Technology & Exhibit Design
Ellen Gamerman, A Look at the Museum of the Future, The Wall Street Journal, 15 October 2015
There’s a revolution afoot inside museums as technology sparks experiments in exhibit design. From virtual reality to 4-D films, here’s what to expect
During a recent event for kids at New York’s Metropolitan Museum of Art, visitors put on virtual-reality goggles and looked at Jackson Pollock’s “Autumn Rhythm (Number 30).” As they gazed through their 3-D headsets, splatters of black and white paint appeared to break free from the 1950 canvas and float past their eyes. Children and adults tried to touch the illusion, waving at the images in the air.
Museums are flirting with change that may be more revolutionary than at any other point in their history. The forces rocking the technology world—cheaper screens, miniaturized mechanics and increased computing power—are prompting a rich period of experimentation in exhibit design. For museums, such advancements could attract diverse visitors, lure young people and change the way audiences learn about art, science and nature.
“There’s a tremendous amount of innovation in museums right now—it’s a really exciting time,” said Kurt Haunfelner, vice president of exhibits and collections at the Museum of Science and Industry, Chicago. Museums are “aware that the expectations of their audiences are changing fairly dramatically and I think they are committed to experiment and prototype different approaches to engaging an audience.”
Around the globe, major institutions are trying out new digital tools. During the summer, the Natural History Museum in London unveiled a virtual-reality film that recreates ocean creatures from 500 million years ago. This year, the Illinois Holocaust Museum & Education Center began demonstrating a life-size interactive video of a Holocaust survivor that it hopes one day to display in three dimensions like a hologram. The Met, which created a media lab about three years ago to investigate how technology can change visits to its galleries and test other ideas, is exploring a colorful way to present its famed Temple of Dendur.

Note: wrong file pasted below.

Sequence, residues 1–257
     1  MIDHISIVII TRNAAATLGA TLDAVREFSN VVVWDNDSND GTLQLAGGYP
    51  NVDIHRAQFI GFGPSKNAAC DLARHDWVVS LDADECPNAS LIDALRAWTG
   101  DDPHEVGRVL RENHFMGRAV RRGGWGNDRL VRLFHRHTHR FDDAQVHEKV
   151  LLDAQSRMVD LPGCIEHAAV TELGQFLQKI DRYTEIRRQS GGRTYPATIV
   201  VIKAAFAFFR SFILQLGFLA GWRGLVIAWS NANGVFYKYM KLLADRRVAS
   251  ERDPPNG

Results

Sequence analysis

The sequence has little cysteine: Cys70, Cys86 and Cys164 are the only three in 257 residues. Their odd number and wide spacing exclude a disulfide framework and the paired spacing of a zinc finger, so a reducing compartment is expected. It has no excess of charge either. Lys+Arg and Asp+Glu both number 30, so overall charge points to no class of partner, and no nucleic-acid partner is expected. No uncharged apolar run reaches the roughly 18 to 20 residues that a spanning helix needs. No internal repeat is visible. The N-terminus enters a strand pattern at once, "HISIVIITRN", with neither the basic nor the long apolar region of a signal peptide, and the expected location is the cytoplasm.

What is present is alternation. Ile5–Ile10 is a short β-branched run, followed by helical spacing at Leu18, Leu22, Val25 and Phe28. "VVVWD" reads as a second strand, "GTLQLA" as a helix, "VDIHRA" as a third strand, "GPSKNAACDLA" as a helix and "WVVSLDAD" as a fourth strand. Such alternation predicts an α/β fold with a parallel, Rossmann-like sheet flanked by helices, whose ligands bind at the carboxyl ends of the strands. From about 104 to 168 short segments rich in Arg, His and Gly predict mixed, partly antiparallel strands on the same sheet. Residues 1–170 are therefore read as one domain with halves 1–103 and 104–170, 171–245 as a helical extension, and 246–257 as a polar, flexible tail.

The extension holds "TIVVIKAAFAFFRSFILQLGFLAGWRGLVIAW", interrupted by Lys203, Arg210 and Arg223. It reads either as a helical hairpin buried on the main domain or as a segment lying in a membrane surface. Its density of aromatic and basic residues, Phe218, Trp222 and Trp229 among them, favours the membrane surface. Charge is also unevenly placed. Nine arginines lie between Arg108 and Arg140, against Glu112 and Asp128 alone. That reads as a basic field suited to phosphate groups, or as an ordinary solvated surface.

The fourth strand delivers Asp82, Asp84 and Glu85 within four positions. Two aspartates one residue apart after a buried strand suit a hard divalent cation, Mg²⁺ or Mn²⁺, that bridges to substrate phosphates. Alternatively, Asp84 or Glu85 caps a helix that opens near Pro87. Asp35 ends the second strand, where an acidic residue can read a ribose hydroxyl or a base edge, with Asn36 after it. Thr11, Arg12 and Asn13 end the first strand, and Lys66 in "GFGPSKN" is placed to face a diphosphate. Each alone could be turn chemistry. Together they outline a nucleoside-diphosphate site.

“The MediaLab is looking at what the museum will look like in 20 to 25 years,” said lab manager Marco CastroCosio.
While aimed at boosting crowds, the new technology could blur the lines between education and entertainment. As institutions focus on the thrill of new displays, some observers caution that the art and artifacts could get lost in the commotion. “It’s important that museums be responsive to audiences, but it can tip easily into making it all about the audience and maybe not pushing the audience into something outside their own experiences,” said Elizabeth Rodini, director of the museums and society program at Johns Hopkins University.